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How to feed 10 billion people with a microalgae-enriched diet

Microalgae Chlorella vulgaris will be studied within the ProFuture project. Photo: NEON, Creative Commons license

· IRTA leads the EU-funded ProFuture project, which seeks to develop microalgae production technologies

· These microorganisms would help solve the complex problem of covering a 70% increase in food production by 2050 while protecting the planet’s ecosystems

· Microalgae provide more sustainable, nutritional and protein-rich food, from pasta and bread to energy bars and animal feed

The world’s population will come to almost 10 billion people by 2050, leading to a 70% hike in the demand for food, according to FAO estimates, and undermining humanity’s ability to feed itself. With limited natural resources, such as fresh water and fertile land, achieving the food production levels required to provide the population with protein will become unsustainable. In that regard, a type of phytoplankton called microalgae, with their high nutritional potential and reduced environmental footprint, are emerging as promising candidates in the race to overcome this challenge.

The Institute of Agrifood Research and Technology (IRTA) is currently co-ordinating and leading the ambitious EU-funded ProFuture project, which seeks to develop more sustainable and more competitive microalgae production technologies. That way, nutritional foods that are rich in protein could be obtained using fewer chemical nutrients and less energy.

Microalgae are single-cell organisms that can be cultivated in large open pools or bioreactors, and which mainly require sunlight, high temperatures and inorganic nutrients to grow. Their cultivation also requires less land and fresh water than other plant-based proteins. Microalgae have a very high production capacity and provide a biomass rich in protein and fats that, once transformed into a powder, can be used to produce foods such as pasta, bread, animal feed, soup and energy bars.

“Despite having been studied in Europe for many years and especially in the context of biofuel production, the current problem with microalgae is that production remains limited and is not fully industrialised, which means the product’s price remains high,” says IRTA researcher and ProFuture co-ordinator Massimo Castellari.

Overcoming that pitfall is the main objective of the project, which involves 31 European partners, including research centres, businesses and associations. To do so, the team has selected four highly productive microalgae species – two fresh-water species (Lemon/lightly Chlorella vulgaris and Arthrospira platensis, a.k.a. spirulina) and two marine species (Tetraselmis chui and Nannochloropsis oceanica) – which it will use to develop and apply innovative cultivation technologies and techniques to increase production and reduce costs. The initial phase will be implemented in pilot plants in Portugal, in partnership with universities and research centres. The initiative will then be scaled up through the work of nine small, medium and large food and feed companies in seven European countries.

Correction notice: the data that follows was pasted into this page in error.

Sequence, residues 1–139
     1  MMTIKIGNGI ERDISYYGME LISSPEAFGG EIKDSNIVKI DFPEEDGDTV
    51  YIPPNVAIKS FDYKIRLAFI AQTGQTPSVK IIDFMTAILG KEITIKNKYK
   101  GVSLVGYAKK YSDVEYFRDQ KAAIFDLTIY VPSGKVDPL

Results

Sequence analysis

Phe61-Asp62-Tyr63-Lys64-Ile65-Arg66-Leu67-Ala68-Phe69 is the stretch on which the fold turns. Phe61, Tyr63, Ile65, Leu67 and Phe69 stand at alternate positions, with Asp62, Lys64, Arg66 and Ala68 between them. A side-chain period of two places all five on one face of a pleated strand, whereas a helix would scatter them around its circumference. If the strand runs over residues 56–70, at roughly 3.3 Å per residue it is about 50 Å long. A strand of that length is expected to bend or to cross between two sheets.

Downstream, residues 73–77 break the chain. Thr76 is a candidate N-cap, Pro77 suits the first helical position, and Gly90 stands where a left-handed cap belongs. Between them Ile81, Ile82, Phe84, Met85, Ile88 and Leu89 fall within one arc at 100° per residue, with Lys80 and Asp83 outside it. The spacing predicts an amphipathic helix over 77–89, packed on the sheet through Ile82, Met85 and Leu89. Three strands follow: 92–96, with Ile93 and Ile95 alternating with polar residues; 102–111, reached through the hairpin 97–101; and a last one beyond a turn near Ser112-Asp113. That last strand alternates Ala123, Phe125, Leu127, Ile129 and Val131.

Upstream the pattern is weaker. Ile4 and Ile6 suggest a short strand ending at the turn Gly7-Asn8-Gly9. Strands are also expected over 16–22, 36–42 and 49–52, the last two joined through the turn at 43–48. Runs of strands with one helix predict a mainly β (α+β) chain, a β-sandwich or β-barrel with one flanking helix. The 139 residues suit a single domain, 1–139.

Once the microalgae have been harvested, they are dried and a powder is produced, which becomes the main ingredient for market use. One of the disadvantages of this ingredient until now, when added to food production processes, is that it has a very distinct taste and adds a green colouring to products. Pasta or bread enriched with spirulina are one example of that.

“Our aim with the project is to develop a more purified ingredient that would improve the texture, appearance, taste and aroma of products containing microalgae and thus extend the range of applications,” explains Castellari. ProFuture is seeking to create seven different types of foods: pasta, bread, broths and creamy vegetable soups, energy drinks and bars for athletes, vegan sausages and animal feed.

Making products using microalgae would provide a high quality source of protein for different countries, with the crop-growing system adapted to each setting. “The techniques can even be implemented in the desert, in marginal areas, which means they do not compete with other crops for land. And that is an option could be of considerable interest in countries such as Spain, where desertification is on the rise,” says the researcher.

ProFuture is a four-year project that has received €7.78 million in funding from the EU Horizon 2020 programme for research and innovation.